Only 121 Breeding Tigers Left in Nepal, First Nationwide Assessment Finds

bengal tiger photo

photo: Paul Mannix via flickr

It's well known that global tiger populations are in serious decline, with habitat loss and poaching driving the big cats quickly towards extinction. In fact, recently in India another reserve was found to actually have no tigers in it. Now, Nepal has completed its first nationwide assessment of tigers and the results are decidedly mixed. Here's the story, via Science Daily: According to the survey, the population of breeding tigers in the Terai Arc Landscape (that's the lowland region of Nepal bordering India, plus some neighboring territory within India itself) is thought to be 121 individuals.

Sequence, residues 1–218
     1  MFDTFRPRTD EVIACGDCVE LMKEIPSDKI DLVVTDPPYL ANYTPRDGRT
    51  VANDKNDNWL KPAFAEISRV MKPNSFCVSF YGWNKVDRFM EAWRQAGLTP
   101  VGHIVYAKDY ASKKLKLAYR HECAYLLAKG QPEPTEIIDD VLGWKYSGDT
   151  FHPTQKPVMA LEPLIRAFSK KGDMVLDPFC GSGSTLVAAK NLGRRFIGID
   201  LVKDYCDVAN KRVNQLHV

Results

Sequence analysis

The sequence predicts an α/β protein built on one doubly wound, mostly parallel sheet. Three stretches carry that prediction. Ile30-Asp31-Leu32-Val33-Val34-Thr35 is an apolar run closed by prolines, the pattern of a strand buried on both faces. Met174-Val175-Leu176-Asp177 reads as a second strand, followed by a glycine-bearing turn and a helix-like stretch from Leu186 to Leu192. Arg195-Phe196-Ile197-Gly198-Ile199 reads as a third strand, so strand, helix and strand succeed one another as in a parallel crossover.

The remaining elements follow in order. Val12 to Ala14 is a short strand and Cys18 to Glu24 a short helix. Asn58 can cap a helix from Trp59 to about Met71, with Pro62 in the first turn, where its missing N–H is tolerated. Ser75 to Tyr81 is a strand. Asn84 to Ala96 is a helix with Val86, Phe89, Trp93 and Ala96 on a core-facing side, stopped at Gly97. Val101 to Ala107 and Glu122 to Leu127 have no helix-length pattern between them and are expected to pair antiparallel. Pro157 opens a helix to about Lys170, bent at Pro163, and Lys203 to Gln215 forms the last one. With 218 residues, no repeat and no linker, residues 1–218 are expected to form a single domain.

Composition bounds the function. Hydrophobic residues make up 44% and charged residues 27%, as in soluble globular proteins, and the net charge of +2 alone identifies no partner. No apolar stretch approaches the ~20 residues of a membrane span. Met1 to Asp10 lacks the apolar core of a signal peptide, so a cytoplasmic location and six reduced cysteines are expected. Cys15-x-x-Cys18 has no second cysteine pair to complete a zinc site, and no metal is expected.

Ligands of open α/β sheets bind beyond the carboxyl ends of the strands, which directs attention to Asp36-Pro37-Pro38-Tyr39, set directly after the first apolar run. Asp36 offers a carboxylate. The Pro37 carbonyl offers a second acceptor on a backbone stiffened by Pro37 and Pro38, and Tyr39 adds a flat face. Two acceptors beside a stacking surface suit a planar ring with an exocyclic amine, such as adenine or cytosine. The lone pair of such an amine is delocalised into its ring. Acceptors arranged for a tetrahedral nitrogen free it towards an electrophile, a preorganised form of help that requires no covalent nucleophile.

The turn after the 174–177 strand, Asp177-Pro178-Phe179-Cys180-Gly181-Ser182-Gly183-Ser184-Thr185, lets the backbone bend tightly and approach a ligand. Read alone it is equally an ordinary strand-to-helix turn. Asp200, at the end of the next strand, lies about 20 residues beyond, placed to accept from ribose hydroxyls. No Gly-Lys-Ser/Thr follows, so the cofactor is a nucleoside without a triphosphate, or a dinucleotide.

The good news in that is that tiger numbers have actually increased in Chitwan national park, Anil Manandhar of WWF Nepal says. The bad news is that in Bardia national park and Shuklaphanta wildlife reserve tiger populations have gone down.

Manandhar summed it up:

In spite of the decade long insurgency, encroachment, poaching, and illegal trade, the present numbers are a positive sign, but we can't remain unworried. The declining number in Western Nepal has posed more challenges, needing a concerted effort to save this charismatic endangered species, focusing on anti-poaching and illegal wildlife trade.

Poaching Greatest Tiger Threat
According to WWF, tigers occupy 40% less habitat today than they did just 10 years ago. The primary reason for this decline is poaching for their skin and bones, and for use in Traditional Chinese Medicine. Past that, habitat loss and fragmentation is the next greatest threat currently.

More: Science Daily
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